Seniors Living With Seniors

Family can be a big support group through stressful high school times, but what that family network looks like is different for all people. For example, there are a number of T.A. students that live with their grandparents.

“Living with my grandparents has always seemed normal to me. To me, it’s like a normal nuclear family,” senior Jake Lamontagne said. “We still live in a house, we still have a two car garage, we still have a fence in the yard, the only difference is that the people who look after me are much older than my biological parents actually are.”

According to News Maine, like Lamontagne, more than 14,000 children in Maine and 268,000 students nationwide live with their grandparents.

Lamontagne’s mother had Acute Cerebellar Ataxia when she was younger and because of that has mental illnesses such as bipolar disorder and he has no contact with his father. He has lived with his grandparents in Saco since age five.

For the most part, this has never felt that unusual to Jake, except he does admit that there is a clear generational gap in regards to technology. For example, he said, “As terrible as it sounds, I have to help them out with tasks we would think would be simple, like putting in the Netflix password,” Lamontagne said. “But besides that, I really don’t think there is a difference. My grandfather is pretty much my father in the scenario and grandmother is pretty much my mother in the scenario and you know they just do stuff normal parents would do.”

Lamontagne says that his favorite memories with his grandparents happen around the holidays.

“No matter how crazy my life’s been, how crazy it has been with my parents, at least I know I have something stable when the holidays come around and I still have people who appreciate me being around them and I appreciate them being around me.”

Senior Tiffany Garland can relate. Tiffany lived with her grandparents for 3 to 4 years, along with her parents.

“I actually really enjoyed living with my grandparents,” Garland said. “We owned like a duplex house, so they were living on one side and my family was living on the other side. My grandmother and I grew really really close and we still are very close and my grandfather and I are pretty close too.”

Garland moved with her parents to Saco from the home they shared with their grandparents in Hiram and her grandparents moved out and now live with her uncle, but Garland will never forget the memories they made while living together.

“It was just cool because when my mom would get home late from work, my grandmother would make super or vice-versa it was just really nice,” Garland said.

“I lived with my daughter and her kids for off and on for about three years and it was a lot of stressed lifted off of her shoulders and mine,” Garland’s grandmother Faith said. “The best part about it all was being able to see my grandkids all the time. I grew closer and closer to them everyday, but the one I grew closest to was Tiffany. When she was little she always loved to wait for me to come home, but I sometimes wouldn’t be home until 2am because I worked the night shift, and she would ask me how my day/night was and we would talk for a little bit and share each other’s day. Now that all of my grandbabies are older it’s hard to see them because they all do their own things, but they all come to see me when they can and they will even stay the night occasionally.”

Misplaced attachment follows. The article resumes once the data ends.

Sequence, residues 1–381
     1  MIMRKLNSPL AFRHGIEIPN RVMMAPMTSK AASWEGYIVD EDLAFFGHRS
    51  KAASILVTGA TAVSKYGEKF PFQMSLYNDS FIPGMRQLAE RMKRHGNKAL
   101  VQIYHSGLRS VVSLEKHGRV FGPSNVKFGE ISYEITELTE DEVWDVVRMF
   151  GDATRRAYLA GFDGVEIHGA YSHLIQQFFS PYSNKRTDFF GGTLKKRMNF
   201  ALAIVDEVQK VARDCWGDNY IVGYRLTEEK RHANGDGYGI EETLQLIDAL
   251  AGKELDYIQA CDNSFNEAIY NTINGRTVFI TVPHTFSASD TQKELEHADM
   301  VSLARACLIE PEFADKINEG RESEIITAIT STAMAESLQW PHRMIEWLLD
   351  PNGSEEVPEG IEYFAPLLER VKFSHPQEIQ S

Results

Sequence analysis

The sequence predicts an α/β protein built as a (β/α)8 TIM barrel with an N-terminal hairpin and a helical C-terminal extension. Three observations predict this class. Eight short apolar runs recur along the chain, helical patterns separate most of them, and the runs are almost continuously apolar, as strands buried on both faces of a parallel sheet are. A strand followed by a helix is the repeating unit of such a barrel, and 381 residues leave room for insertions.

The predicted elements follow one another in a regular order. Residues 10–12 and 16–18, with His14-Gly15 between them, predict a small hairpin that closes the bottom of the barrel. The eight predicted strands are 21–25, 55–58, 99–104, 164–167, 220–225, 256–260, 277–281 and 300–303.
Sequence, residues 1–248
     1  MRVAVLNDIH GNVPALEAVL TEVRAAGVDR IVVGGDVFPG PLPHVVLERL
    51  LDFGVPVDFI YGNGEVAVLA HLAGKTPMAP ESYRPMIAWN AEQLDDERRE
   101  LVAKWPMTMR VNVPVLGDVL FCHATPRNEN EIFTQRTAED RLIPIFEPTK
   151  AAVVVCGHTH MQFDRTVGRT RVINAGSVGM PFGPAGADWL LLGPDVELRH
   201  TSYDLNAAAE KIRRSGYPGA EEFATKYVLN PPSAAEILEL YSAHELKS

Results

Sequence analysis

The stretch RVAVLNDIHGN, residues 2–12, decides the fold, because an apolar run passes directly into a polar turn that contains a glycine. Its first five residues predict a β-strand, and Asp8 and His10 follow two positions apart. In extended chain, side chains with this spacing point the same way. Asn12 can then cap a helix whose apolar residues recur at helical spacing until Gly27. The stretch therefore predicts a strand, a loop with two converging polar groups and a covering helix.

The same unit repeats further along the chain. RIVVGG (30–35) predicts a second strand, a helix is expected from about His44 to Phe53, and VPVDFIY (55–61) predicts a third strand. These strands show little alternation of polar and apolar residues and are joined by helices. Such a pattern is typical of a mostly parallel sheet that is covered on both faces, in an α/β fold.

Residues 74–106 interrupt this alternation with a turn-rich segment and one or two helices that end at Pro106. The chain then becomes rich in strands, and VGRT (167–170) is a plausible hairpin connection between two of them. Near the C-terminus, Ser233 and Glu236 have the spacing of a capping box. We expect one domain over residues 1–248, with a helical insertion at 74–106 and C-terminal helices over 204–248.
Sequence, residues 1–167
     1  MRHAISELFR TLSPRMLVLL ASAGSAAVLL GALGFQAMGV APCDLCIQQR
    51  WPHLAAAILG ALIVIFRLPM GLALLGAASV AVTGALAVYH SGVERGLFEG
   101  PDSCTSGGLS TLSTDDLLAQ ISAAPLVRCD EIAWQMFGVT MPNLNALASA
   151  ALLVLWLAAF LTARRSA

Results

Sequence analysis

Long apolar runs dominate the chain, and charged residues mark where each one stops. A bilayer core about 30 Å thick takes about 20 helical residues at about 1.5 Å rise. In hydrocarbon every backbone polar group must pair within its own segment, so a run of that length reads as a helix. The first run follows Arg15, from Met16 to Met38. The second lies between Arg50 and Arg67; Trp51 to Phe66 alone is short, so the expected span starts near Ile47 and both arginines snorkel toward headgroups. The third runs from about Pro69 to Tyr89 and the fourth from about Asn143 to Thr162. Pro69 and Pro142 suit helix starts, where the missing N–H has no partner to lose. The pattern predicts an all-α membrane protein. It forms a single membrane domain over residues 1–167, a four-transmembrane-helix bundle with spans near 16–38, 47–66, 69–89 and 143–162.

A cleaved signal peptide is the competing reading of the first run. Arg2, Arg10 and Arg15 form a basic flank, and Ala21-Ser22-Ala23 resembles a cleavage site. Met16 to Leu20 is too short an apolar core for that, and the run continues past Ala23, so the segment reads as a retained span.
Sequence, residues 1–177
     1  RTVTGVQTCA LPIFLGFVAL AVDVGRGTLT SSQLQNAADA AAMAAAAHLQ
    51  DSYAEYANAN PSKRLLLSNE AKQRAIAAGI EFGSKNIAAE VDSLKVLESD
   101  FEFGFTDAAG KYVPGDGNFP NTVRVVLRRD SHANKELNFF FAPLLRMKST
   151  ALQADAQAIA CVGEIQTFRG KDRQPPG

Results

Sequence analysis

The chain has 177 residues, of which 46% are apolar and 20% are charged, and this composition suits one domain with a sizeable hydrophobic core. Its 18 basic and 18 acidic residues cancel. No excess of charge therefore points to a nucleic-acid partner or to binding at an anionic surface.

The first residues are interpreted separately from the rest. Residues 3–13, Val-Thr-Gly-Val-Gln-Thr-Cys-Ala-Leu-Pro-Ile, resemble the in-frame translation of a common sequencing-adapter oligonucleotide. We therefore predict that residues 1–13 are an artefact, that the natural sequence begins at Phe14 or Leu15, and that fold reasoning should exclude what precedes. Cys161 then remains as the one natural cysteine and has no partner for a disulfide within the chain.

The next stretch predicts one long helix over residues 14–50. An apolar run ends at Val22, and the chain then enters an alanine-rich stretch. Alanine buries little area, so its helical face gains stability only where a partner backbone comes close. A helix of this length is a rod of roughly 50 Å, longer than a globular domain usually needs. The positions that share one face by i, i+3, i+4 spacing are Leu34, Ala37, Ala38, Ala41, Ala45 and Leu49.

Garland’s grandparents pose for a photo in their family home.

Thomas Philbrook is another TA senior who has been living with his grandmother his whole life.

“Living with a grandparent feels weird to me even though it’s all I have known. But still, it feels like I’m not the same as some of my peers,” Philbrook said.

Philbrook says he doesn’t know why exactly, but living with his grandmother he believes is a lot different than it would have been if he had grown up with biological parents. He said the generational gap can become a source of tension in an already stressful period of life. For example, she uses up their shared data plan unnecessarily because she doesn’t know how to turn off her cellular data. Like Lamontagne Philbrook is most amazed by the difference technological understanding. Philbrook says his grandma is totally amazed by him when he restarts the router to restart the internet.

For high school students living with their grandparents Lamontagne offers some advice.

“Yeah, at first it’s kinda going to suck, you’re going to wish like what would it be like if I had a normal family. But over time your going to realize that your grandparents, and whatever biological parents you have left, if you have any, they are your family. Sure, it may be different than your best friend but at the same time you still have a loving and supportive environment and you just have to realize that.”

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